You have been with TCS for almost two decades. How has been your journey so far?
My journey at TCS has been like many journeys. It has been filled with several positive experiences and others that, although challenging at the time, offered me the chance to learn and grow. I was lucky to have entered the workplace when the software industry was still niche and exclusive. Generally, people did not know much about TCS and I recall my family asking me what company I was going to work in? That turned out to be a blessing for me and many like me. We just put our heads down; and under the able stewardship of amazing leaders, we grew, grew, and grew – slowly in the beginning and audaciously at the turn of the century. I joined HR with a unique background in behavioural science, backed with a doctorate in psychology. I call it unique because I was getting into a company without any management degree. Being a student of behaviour, working in a services company, it was easy for me to connect with people. I learnt nuances of HR from my very first boss Jose Abraham– how to be firm, handle uncomfortable situations, communicate with top leadership and more. The first decade was spent in learning and growing, the second was more about creating platforms for the future and the third decade was spent in building on leadership.
Were there any major challenges you faced as a global HR leader?
Culture conflicts: These may be subtle nuances but in a global organization, cultural differences can create tensions and reduce the effectiveness of teams that are working together. In these circumstances, it is extremely critical to navigate the differences by effectively communicating the shared purpose and collective goals that we are all working towards and ensuring behaviours are guided by the organisation’s beliefs and values.
Leading change: Change can create uncertainty and apprehension. It is important to create a trust-based, empathy-led, and value-driven culture so people can openly communicate their fears and find the support, guidance and enablement needed to accept and embrace change.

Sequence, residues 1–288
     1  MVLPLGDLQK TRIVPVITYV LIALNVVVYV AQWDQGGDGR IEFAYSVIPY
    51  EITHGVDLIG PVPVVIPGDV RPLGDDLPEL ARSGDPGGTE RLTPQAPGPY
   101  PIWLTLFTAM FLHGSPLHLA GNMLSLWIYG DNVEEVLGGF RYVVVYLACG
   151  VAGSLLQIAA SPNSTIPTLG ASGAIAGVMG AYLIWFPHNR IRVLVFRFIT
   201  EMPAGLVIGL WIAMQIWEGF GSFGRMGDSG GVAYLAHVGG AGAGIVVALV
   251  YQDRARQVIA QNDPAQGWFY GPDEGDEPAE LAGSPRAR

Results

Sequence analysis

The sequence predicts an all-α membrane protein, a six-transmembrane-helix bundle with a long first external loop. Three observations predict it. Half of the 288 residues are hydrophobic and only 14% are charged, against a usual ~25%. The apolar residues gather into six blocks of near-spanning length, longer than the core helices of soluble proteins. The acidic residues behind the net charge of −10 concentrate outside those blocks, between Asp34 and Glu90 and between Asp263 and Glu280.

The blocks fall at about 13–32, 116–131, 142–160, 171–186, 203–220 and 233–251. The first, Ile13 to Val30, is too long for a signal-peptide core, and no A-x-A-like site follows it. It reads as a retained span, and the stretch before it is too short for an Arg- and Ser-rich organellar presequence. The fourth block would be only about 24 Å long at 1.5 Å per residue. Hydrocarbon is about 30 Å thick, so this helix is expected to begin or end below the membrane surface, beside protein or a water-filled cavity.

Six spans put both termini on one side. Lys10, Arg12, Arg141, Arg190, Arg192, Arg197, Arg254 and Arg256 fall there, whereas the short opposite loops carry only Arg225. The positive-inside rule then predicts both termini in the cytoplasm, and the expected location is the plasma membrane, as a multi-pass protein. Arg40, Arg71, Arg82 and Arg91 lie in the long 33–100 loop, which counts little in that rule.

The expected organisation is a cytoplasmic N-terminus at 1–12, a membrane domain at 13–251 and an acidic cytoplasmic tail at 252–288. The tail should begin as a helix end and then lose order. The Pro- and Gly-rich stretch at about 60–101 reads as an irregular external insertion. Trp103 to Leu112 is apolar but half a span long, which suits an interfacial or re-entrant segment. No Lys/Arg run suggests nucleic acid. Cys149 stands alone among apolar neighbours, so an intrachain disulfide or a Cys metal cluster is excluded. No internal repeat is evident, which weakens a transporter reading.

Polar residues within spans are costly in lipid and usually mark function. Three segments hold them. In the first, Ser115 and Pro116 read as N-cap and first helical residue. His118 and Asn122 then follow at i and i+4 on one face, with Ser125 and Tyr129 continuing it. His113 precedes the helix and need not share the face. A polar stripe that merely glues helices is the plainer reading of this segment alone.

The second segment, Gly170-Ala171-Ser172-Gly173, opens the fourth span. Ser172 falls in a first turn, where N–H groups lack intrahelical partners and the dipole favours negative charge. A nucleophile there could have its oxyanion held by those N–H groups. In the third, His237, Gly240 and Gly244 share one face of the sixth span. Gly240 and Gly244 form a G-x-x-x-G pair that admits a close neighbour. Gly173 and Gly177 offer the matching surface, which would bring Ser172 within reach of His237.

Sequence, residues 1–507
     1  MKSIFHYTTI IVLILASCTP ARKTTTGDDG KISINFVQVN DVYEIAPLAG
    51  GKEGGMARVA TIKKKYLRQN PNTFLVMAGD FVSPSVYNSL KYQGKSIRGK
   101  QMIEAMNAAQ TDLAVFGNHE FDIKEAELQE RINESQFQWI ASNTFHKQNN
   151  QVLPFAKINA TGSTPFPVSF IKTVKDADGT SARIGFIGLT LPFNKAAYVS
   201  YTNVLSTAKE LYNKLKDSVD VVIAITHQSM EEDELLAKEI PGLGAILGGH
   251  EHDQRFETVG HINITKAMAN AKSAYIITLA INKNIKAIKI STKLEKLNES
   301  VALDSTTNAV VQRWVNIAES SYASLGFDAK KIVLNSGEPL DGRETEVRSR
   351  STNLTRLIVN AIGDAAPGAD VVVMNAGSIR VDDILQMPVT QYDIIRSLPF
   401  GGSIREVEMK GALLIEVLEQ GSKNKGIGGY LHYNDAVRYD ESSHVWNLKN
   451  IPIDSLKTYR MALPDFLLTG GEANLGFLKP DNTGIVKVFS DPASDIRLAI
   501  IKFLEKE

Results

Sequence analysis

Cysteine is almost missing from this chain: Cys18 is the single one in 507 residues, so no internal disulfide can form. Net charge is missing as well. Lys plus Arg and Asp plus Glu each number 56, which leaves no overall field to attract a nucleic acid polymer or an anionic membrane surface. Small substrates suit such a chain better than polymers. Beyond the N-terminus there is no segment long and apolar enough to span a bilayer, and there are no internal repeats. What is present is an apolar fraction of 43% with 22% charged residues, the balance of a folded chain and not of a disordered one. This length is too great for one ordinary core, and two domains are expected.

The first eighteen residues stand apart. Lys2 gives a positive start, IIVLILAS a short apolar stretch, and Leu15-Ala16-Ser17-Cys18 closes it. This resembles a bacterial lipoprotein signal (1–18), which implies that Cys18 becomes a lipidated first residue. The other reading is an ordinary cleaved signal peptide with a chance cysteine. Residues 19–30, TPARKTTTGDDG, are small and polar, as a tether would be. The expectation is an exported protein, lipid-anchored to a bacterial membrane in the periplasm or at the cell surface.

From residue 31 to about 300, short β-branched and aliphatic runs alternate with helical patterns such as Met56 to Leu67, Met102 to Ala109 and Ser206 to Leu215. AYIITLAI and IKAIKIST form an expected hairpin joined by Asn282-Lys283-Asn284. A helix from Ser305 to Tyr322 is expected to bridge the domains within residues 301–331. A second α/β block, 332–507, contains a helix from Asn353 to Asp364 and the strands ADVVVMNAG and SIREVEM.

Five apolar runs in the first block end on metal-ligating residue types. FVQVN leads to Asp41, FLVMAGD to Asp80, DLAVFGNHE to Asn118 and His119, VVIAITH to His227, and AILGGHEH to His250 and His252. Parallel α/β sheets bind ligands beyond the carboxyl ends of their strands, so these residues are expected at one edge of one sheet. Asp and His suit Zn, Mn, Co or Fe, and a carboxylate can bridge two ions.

How effectively is inclusivity being implemented in the Indian corporate sector and what are the gaps that we can fill?
Inclusion is about recognising and respecting the multiple facets of each person’s identity. Today, where we are in the world, inclusion is an ongoing process. No company or community can claim to have reached the destination in this journey. The Indian corporate sector is certainly very cognizant of the need for greater inclusion. There are several remarkable programmes and initiatives that the corporate sector has undertaken to ensure the greater inclusion of diverse segments in the workforce. For instance, greater representation of women at all levels in the organization, the extension of support such as insurance to cover partners, more opportunities for growth and leadership for people with disability.
The greatest opportunities for inclusion is to raise awareness, strengthen acceptance and enable access- Combined, these three dimensions can ensure inclusion is an integral part of both companies and communities and drive sustainable and inclusive growth for all.
Are there any drawbacks to the concept of diversity at workplaces, and how do you deal with them?
I don’t think you can address these as “drawbacks”. Diversity of gender, age, sexual orientation, disability, ethnicity, race, and diversity of the mind – all result in different perspectives, ideas, approaches and experiences. When people of such diverse identities come together at the workplace, or even in society, there are bound to be natural tensions.